Office address: XUEFU BLVD 999, Information Engineering College of Nanchang university, Room A114
Major: Internet of Thing
Current research work: Software defined battery
Battery capacity limits the ubiquitousness of battery powered devices, e.g., smartphones. Being tired of the slow speed of battery evolution, system researchers proposed to build
hybrid batteries to match various power demands from smartphone applications, such that phone
users can enjoy longer battery life and better use experience. However, tuning hybrid battery
is a challenge since software demands different power in different execution stage: Failing to
meet power surge may cause performance degradation, and keeping high power output is a waste.
In this paper, we propose a control loop feedback mechanism to address this challenge,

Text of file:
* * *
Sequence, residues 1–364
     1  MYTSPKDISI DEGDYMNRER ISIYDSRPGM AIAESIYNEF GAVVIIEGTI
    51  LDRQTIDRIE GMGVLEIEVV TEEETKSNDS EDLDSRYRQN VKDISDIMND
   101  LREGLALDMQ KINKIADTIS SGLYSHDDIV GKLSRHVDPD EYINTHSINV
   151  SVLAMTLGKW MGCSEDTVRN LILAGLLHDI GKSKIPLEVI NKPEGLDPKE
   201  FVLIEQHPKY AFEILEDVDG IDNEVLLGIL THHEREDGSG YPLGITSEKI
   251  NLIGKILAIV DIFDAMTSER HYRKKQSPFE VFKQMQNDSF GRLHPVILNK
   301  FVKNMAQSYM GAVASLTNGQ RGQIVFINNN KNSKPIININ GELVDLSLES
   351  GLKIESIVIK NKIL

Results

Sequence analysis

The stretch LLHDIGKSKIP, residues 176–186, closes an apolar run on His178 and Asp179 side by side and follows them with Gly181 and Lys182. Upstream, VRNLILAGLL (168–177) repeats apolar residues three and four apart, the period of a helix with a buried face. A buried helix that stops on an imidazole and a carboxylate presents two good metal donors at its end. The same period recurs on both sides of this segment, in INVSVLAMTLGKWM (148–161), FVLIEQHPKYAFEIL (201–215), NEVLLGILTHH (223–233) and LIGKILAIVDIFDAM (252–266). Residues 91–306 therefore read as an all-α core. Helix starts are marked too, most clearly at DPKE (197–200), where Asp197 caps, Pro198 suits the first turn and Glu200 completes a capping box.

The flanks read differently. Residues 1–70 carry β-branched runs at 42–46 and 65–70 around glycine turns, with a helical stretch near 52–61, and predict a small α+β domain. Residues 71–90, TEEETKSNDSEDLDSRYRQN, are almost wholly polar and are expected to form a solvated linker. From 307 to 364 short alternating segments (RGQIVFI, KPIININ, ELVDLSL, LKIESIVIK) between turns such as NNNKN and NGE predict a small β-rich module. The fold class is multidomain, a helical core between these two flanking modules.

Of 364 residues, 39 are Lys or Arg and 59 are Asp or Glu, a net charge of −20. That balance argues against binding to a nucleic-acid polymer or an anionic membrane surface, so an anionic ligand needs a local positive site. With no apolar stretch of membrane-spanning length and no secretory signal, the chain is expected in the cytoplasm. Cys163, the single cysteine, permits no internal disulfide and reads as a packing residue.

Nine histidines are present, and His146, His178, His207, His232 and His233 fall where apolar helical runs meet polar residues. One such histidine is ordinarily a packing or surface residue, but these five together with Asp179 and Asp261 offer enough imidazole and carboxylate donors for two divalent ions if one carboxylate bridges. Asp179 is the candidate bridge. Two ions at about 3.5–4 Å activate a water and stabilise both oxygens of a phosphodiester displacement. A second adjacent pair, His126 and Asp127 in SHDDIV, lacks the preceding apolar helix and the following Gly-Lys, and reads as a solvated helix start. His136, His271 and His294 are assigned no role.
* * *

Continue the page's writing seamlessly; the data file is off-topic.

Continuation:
called adaptive realtime multi-battery performance control, or ARMPC. ARMPC explores the
possible power demand pattern from applications, and learns battery feature ofﬂine. Using
this information, ARMPC models the system and adopts a PI (or maybe MISO) controller design.
We mathematically prove the feasibility (i.e., zero steady-state error, ﬁxed settling time)
and stability (e.g., short rise time and small overshoot) of ARMPC using classic control theory.
We have prototyped ARMPC in modern Android phones and evaluated with several state-ofthe-arts.
Our results show that in practice, ARMPC can prolong the battery life cycle, signiﬁcantly reduce
average power use, and meets all power surge demands, as compared to state-of-the-arts.
We simulate ARMPC with many more different batteries. We illustrate that for hybrid battery management,
classic controller is the good option at the tradeoff between overhead and performance.